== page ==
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Celebrations During a Cost-of-Living Crisis

by Sarah McMurray

Celebrations During a Cost-of-Living Crisis

The recent King’s Birthday holiday got me thinking – are we allowed to celebrate during a cost-of-living crisis?

Yes, we need to cut costs and increase our incomes. But we need to do more with our lives than just eat-work-sleep-save money-repeat.

Even though inflation might be running out of control like a puppy with the zoomies, everyone is going to carry on living their lives. The year is going to happen, bringing with it religious festivals and secular holidays.

Which means that things are going to happen that we would usually celebrate.

I can hear all the budget-conscious people now.

“You have to ask yourself: Is celebrating a NEED, or a WANT?”

Celebrations are definitely, without question, a need. They are so much more than just extra expense.

Celebrations help to create a sense of belonging. Belonging is on the second level of Maslow’s Hierarchy of Needs, just above food, shelter and safety.

Celebrations can also instill a sense of meaning and significance in our lives, helping us to pause and acknowledge achievements that we’ve worked hard for. They help us to create good memories – music, laughter, celebratory food and drink all bring joy. Taking part in the same celebrations that our ancestors observed can help us feel we belong to a bigger circle of life.

These are deep, sustaining needs. We need to meet them, while spending less (or no) money.

Is there a magic formula to apply? 10-tips-to-save-money-on-your-child’s-birthday-party?


Because what’s important to me in a celebration might not be important to you.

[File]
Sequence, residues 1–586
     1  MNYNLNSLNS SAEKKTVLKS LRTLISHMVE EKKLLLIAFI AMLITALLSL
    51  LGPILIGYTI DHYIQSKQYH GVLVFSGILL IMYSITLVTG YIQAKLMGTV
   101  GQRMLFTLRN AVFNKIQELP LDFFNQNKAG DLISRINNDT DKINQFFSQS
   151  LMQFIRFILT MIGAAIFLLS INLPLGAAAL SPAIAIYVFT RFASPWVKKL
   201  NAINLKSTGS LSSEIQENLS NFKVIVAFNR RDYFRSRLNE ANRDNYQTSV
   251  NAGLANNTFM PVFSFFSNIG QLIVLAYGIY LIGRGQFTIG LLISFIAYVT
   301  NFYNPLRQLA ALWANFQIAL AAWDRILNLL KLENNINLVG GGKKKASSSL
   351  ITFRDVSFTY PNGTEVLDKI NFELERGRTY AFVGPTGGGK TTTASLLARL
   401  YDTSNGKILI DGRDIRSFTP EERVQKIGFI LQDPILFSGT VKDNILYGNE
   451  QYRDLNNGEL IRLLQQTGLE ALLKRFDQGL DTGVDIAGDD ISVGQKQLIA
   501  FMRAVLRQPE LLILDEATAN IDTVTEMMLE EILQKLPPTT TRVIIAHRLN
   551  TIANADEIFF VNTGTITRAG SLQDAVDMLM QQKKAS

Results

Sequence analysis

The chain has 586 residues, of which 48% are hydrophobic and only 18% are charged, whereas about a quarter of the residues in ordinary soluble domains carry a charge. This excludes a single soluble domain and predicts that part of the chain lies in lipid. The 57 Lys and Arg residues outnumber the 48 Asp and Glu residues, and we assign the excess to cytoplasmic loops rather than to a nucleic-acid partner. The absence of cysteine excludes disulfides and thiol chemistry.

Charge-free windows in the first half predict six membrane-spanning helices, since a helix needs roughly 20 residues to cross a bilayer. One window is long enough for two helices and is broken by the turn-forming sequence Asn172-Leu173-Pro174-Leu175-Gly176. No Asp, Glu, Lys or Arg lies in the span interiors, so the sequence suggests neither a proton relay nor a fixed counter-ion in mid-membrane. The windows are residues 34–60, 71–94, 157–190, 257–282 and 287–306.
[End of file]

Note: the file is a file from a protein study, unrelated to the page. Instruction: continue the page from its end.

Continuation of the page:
The magic comes with talking to your loved ones, and getting creative in meeting your needs.

Rather than cutting out celebrations altogether, have the conversation. Joy, laughter, music a sense of belonging – these can all be had for little or no money. Food and drink and presents may come at more cost, but maybe they are not all necessary all of the time for people to feel properly celebrated.

What does upset people is expecting something, and then getting less. So have the conversation now.

With adults and teenage children, you can front-foot it: “I’m having to cut back what I’m spending at the moment, and it’s really important to me to celebrate your birthday / achievement / milestone. Can you help me figure out how to do both? What are the elements that make it feel like a proper celebration to you?”

With younger children, keep in mind that between the ages of 5-15 presents become extremely important, because birthdays and festivals are usually their only opportunities all year to get something that they want. Just be sure to gently adjust their expectations before they get to the present-opening. Adults can contain their disappointment. 7-year-olds cannot.

Next week, I’ll have some real-life examples of ways that people I’ve worked with have created joyful, memorable celebrations, and met their need to spend less.

Photo by Skyler Ewing from Pexels

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